On December 17, 2014, the U.S. Department of Justice Office of Public Affairs announced that the mastermind of a $56 million Medicare fraud scheme and his physician-accomplice have pleaded guilty in the federal court in Louisiana to conspiracy to commit health care fraud and conspiracy to falsify records in a federal investigation, and to conspiracy to commit health care fraud, respectively. Their sentencing hearings are scheduled for April 1, 2015.
According to documents filed in court, the mastermind owned many healthcare-related companies in the New Orleans area that claimed to have provided home health services and durable medical equipment (“DME”) to thousands of Medicare beneficiaries living in and around New Orleans that resulted in Medicare paying approximately $50.7 million on more than $56 million in claims submitted to Medicare by the mastermind’s companies between 2007 and 2014, the vast majority of which were fraudulent.
The mastermind was charged with paying illegal kickbacks to recruiters who canvassed New Orleans neighborhoods for Medicare beneficiary numbers, which he then used to bill Medicare for services that were not medically necessary or not provided. In a desperate attempt to hide his illegal activities, the mastermind of the massive fraud scheme (and others) allegedly fabricated tax and employment records to conceal his companies’ illegal activities in an effort to mislead the federal grand jury that had subpoenaed records from another company owned by the mastermind.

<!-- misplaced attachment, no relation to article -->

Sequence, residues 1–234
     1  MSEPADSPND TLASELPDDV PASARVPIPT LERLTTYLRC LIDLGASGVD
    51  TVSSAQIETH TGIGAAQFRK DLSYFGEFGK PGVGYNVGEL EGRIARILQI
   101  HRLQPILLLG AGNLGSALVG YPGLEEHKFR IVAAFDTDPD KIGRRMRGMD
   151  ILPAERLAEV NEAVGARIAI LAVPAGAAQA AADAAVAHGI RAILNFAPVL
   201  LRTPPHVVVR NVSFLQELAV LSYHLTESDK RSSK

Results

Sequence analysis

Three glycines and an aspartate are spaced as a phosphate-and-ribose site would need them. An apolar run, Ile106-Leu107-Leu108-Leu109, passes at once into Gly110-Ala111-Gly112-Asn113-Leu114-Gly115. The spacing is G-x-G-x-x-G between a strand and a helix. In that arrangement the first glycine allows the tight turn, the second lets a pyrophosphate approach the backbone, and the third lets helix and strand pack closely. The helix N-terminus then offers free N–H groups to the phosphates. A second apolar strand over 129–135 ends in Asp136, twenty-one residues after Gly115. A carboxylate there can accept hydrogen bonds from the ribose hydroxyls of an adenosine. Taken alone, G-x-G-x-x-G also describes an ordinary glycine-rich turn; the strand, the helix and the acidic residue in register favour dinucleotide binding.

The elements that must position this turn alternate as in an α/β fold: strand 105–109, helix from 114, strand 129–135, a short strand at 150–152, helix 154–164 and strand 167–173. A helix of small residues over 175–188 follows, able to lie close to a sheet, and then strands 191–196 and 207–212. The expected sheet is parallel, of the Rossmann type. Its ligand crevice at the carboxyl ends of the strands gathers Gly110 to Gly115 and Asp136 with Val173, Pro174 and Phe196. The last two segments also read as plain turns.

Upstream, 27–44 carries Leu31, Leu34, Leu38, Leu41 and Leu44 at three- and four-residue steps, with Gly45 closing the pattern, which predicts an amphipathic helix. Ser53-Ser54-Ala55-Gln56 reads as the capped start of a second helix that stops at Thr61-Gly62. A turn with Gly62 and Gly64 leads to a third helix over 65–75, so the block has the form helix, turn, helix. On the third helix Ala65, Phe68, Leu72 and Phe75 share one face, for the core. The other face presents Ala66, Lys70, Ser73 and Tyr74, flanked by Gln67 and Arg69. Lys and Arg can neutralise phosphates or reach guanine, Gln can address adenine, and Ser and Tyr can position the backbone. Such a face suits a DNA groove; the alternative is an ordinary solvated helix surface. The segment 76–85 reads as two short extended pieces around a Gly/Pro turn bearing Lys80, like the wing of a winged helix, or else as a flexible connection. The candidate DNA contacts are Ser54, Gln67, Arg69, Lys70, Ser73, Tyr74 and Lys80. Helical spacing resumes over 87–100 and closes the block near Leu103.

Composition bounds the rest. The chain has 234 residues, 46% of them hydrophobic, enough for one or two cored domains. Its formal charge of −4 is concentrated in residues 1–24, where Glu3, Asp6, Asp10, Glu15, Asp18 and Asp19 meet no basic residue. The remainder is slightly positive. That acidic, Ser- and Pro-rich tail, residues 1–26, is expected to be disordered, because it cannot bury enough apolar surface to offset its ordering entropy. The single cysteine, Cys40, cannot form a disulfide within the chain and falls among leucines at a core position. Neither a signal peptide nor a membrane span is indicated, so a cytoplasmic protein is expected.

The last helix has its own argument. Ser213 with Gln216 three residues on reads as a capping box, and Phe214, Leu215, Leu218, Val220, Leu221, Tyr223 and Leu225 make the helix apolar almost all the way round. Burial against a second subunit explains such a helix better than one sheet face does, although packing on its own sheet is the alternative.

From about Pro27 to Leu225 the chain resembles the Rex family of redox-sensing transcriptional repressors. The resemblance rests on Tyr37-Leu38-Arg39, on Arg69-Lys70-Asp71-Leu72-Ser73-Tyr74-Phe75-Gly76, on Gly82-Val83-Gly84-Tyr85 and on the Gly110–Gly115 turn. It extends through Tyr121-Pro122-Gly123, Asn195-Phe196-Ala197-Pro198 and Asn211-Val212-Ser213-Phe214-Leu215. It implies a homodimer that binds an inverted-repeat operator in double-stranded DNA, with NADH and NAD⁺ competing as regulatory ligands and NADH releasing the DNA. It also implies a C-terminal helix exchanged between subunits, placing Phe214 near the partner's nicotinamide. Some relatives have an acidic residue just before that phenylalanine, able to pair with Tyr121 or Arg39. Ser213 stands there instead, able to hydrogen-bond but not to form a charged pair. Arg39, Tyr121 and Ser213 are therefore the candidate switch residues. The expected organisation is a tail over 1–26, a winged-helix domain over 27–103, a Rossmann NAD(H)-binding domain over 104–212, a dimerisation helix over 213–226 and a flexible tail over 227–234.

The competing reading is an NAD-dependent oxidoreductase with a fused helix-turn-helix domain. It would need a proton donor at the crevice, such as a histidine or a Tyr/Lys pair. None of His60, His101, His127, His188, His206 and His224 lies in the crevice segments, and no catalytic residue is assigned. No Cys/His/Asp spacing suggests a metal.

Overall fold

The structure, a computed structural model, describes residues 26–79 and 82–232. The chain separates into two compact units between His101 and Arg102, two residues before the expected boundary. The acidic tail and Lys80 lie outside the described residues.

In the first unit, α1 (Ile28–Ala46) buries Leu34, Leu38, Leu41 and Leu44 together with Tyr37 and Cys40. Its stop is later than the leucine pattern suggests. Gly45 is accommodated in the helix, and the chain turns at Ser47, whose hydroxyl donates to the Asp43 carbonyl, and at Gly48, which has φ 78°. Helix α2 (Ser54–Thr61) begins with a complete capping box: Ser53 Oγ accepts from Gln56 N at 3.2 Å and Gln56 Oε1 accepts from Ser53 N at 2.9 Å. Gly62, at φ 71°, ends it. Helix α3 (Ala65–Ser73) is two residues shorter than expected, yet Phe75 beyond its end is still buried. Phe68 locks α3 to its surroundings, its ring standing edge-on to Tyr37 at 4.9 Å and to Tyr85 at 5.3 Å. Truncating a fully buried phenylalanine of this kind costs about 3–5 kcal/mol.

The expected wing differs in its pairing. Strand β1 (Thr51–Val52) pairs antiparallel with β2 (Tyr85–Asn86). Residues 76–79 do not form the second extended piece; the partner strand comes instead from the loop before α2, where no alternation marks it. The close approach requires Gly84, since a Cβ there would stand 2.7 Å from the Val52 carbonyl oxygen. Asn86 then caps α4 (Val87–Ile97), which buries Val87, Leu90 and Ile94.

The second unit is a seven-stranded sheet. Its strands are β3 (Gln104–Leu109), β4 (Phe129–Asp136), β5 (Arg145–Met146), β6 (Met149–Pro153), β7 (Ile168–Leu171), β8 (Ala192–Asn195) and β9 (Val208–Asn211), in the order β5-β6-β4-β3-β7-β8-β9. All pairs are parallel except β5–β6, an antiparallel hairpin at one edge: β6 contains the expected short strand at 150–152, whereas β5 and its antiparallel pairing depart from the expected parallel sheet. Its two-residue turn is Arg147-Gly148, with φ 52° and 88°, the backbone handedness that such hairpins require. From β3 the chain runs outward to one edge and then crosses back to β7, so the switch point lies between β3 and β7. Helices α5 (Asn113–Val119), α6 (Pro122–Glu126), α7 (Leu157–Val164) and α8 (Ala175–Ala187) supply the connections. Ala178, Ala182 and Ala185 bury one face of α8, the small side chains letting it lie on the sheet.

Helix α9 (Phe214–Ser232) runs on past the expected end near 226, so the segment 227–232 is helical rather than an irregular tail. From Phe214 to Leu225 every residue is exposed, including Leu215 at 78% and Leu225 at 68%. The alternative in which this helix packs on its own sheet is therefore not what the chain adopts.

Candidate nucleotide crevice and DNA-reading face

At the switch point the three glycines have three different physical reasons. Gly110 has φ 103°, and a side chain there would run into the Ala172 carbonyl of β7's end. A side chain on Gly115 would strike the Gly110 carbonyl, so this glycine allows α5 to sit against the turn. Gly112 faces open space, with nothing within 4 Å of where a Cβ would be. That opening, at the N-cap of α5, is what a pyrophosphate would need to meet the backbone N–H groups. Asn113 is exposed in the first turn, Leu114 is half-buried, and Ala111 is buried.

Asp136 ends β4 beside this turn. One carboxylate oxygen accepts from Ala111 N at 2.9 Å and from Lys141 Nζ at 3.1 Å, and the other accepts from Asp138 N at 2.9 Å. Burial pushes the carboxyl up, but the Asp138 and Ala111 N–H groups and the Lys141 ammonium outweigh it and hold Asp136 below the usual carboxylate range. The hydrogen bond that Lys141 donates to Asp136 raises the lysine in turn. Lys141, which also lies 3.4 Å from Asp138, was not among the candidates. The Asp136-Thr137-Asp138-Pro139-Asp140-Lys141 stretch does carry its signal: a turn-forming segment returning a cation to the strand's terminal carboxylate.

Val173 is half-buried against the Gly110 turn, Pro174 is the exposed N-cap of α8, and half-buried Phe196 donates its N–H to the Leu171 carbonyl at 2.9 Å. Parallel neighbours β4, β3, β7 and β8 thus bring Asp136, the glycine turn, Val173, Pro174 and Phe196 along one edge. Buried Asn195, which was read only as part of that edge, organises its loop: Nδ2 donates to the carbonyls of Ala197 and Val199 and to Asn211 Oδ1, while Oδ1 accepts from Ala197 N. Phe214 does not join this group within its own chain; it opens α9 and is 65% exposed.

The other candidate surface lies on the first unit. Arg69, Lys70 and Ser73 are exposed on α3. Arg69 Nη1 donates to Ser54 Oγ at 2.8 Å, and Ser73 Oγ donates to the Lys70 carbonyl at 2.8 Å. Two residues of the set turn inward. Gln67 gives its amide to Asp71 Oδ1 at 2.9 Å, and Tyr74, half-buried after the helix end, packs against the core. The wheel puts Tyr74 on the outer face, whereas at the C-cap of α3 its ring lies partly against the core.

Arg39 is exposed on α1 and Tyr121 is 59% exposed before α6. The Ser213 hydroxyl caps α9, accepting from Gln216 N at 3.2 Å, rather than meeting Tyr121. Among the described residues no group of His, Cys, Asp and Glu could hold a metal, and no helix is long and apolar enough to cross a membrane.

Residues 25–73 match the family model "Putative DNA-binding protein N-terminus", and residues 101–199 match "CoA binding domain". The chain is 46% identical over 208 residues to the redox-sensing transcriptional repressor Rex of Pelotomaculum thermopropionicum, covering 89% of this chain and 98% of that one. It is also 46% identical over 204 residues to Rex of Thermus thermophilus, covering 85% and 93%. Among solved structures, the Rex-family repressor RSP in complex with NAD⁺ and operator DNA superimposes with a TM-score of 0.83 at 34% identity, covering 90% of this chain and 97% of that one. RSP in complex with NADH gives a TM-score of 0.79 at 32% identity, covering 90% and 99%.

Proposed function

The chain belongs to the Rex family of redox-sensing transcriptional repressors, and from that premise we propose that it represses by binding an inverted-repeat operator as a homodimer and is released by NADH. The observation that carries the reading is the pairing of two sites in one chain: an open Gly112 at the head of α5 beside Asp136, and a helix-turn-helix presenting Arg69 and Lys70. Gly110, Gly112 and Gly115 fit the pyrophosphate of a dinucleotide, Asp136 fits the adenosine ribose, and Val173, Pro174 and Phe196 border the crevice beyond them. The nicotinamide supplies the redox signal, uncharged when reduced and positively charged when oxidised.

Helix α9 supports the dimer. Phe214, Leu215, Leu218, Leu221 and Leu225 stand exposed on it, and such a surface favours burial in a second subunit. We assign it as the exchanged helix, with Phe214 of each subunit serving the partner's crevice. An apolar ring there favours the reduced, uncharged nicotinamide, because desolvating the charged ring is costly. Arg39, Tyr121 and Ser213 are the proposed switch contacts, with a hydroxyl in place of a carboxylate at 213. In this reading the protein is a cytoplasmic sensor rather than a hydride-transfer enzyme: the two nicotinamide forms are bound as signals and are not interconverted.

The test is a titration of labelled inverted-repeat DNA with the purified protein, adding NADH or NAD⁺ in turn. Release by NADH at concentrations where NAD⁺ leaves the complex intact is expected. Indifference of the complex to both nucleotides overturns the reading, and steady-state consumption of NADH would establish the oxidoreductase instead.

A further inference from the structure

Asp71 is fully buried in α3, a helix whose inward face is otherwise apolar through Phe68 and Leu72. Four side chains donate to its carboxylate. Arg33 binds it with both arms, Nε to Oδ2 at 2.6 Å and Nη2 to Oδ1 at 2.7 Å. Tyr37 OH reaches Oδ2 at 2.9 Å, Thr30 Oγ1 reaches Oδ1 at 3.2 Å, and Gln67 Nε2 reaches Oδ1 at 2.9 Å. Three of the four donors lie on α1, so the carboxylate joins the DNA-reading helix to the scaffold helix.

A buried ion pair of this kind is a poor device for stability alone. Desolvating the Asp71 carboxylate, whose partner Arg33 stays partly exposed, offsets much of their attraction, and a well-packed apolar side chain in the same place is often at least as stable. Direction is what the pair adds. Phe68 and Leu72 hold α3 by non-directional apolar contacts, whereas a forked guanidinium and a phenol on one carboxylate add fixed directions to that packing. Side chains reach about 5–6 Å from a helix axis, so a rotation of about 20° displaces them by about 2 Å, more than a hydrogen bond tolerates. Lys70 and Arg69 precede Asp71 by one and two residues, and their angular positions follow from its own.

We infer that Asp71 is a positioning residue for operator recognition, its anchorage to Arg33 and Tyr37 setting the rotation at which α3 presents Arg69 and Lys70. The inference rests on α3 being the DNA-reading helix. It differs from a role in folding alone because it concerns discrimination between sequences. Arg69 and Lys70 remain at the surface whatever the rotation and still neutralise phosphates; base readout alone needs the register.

The mastermind’s physician-accomplice admitted that he signed home health referrals and wrote DME prescriptions that were used to support the fraudulent bills submitted to Medicare, in which he falsely certified that the Medicare beneficiaries were homebound and qualified for home health services, and he fraudulently wrote prescriptions for power scooters and other DME that he knew the purported beneficiaries did not need.
The federal government’s health care fraud prevention and enforcement efforts recovered $4.3 billion in taxpayer dollars in Fiscal Year (FY) 2013 from individuals and companies who attempted to defraud federal health programs serving seniors or who sought payments from taxpayers to which they were not entitled (in FY 2012, the amount was $4.2 billion; over the last five years, enforcement efforts have recovered $19.2 billion). Since 1997, the Health Care Fraud and Abuse Control (HCFAC) Program has returned more than $25.9 billion to the Medicare Trust Funds and the U.S. Treasury. For every dollar spent on healthcare-related fraud and abuse investigations in the last three years, the federal government recovered $8.10 (which was the highest three-year average return-on-investment in the 17-year history of the HCFAC Program).
In FY 2013, the U.S. Department of Justice opened 1,013 new criminal health care fraud investigations involving 1,910 potential defendants, and a total of 718 defendants were convicted of health care fraud-related crimes during the year. The U.S. Department of Justice also opened 1,083 new civil health care fraud investigations in FY 2013.
If you have knowledge of Medicare fraud that has cost the federal health care programs money and you become a whistleblower, your information and efforts in assisting the U.S. to recover the illegal payments may entitle you to monetary compensation.
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